A few months later, relief worker Pierre Le Corf made an astonishing discovery. He had left his home in France in March 2016 and moved to Aleppo.
“In the western part of the city, there were 1.3 million people that nobody in the West talked about. There were no foreign organisations that could tell of the difficult conditions and the shelling that came from the eastern side. People were also killed in the western part,” said Le Corf when I reached him on the phone.
European media talked about “the fall of Aleppo” and the end of the “revolution” in 2016. His comment?
“Ask the people of eastern Aleppo what they think. Anyone can come here and ask them. They lived under terrorist rule. Children in eastern Aleppo starved while the terrorist groups had large stocks of food and medicines. I saw it myself.”
In March 2017, Le Corf visited the Sakhour area in eastern Aleppo. He documented what he saw and posted a video. Le Corf visited the headquarters of the terrorist organisation Jabhat al-Nusra. White Helmets had their Aleppo headquarters on the same courtyard.
In the video, the White Helmets’ logo is seen on the walls close to the symbols of the Free Syrian Army and Jabhat al-Nusra.
Similar discoveries had been made in other areas of Syria. The White Helmets did not only work with the permission of the terrorist groups, as Patrick Cockburn explained in “Who supplies the news?” — the ties between them were so close that they had their headquarters next to each other.
The great amount of evidence of White Helmets association with terrorist organisations — Le Corf’s discovery was just one of many discoveries — did not affect the politicians or mainstream media in the West.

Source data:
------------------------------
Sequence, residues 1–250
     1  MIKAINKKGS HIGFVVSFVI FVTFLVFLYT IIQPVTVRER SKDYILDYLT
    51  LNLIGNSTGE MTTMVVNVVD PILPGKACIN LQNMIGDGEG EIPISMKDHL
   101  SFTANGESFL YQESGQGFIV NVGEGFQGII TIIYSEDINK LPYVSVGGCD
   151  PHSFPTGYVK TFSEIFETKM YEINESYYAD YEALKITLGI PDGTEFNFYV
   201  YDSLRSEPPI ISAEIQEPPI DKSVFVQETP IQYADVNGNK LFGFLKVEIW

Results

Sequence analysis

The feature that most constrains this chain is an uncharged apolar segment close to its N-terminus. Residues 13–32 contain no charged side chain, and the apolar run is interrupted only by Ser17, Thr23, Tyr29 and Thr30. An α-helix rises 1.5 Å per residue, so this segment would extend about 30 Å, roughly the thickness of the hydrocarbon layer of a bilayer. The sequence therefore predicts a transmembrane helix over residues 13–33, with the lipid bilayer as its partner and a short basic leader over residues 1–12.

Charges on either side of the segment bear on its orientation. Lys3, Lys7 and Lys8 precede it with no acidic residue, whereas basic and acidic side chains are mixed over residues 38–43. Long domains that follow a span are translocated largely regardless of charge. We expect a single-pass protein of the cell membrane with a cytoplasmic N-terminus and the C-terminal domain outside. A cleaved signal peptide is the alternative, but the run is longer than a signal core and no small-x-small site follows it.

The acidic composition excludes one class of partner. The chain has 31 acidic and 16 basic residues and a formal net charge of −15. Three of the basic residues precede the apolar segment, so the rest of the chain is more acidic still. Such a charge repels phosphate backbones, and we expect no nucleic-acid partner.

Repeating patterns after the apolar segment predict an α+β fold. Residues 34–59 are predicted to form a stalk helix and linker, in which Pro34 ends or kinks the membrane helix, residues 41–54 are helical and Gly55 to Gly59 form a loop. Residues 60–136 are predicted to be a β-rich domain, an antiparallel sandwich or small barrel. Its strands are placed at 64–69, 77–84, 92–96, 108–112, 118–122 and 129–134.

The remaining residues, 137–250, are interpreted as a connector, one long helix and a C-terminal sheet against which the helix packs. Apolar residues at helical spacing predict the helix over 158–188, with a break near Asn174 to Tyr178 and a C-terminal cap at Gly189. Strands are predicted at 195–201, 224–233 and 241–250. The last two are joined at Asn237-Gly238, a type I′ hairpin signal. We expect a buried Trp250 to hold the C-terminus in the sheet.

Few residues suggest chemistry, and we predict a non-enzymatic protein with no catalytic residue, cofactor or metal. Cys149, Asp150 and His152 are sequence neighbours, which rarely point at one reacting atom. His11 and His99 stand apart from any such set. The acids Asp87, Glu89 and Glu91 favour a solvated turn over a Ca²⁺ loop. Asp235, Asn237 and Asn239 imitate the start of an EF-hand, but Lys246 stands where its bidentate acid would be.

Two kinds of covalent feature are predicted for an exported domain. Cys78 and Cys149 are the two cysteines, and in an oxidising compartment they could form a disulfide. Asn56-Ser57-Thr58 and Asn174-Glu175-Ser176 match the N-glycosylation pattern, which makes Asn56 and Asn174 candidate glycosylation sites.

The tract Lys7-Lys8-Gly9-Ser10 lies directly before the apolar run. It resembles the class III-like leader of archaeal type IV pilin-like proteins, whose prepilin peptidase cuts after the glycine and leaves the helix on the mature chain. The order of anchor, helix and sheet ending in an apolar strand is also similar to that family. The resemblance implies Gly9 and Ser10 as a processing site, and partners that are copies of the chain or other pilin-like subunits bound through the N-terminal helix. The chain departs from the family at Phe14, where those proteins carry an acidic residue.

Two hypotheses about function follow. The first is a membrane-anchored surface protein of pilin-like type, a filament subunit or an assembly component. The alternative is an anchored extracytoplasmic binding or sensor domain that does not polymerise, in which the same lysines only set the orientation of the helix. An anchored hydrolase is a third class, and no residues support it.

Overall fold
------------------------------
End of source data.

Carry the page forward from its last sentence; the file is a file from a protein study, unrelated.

Fadia Restom lives in Sweden, but was born and raised in eastern Aleppo. She has relatives and friends in Syria and has regularly visited Syria during the war. In April 2017, she went to Aleppo.
“The people of Aleppo have become happier and more open: people come out to work again, and the markets are full of goods. People who previously moved to the areas of the Syrian Mediterranean coast are now beginning to return. There is a sense of hope,” she told me.
When Restom returned to Syria in 2017, she wanted to go to eastern Aleppo, to see the places where she lived as a child and to meet her old friends.
“These are people that I know and have grown up with. I couldn’t believe they supported the so-called revolution. When I got there, people told me how the armed men threatened them, held them as human shields and prevented them from fleeing.
“The messages on the walls remained: there were warnings to women that they must wear a veil, otherwise God would cut their hands off. I saw many horrors of this sort. I was shaken and I understand how frightened they must have been. They were imprisoned in their own city.”
She did not like how the battle of eastern Aleppo was portrayed.
“I would like to hold all politicians and journalists responsible for all the lies. They have never listened to us ordinary Syrians. I attended elementary school and upper secondary school in eastern Aleppo. I know my hometown and my people. But the politicians and journalists have only listened to the other side.”
In February 2017, the Atlantic Council, a Washington-based think tank that is part of the Nato-supporting organisation the Atlantic Treaty Association (ATA), published the report, Breaking Aleppo.
In the preface, former foreign minister of Sweden, Carl Bildt, and former secretary of state of the US, Madeleine Albright, wrote that the Aleppo case “was not only a humanitarian tragedy,” but also an event that “seriously damaged the interests and standing of the United States and its allies.”
Hence the outrage in the media and among politicians. Aleppo’s freedom harmed the interests of the West.
This article is based on part of Patrik Paulov’s new book, Syria’s Silenced Voices (2021).
Featured image: File photo.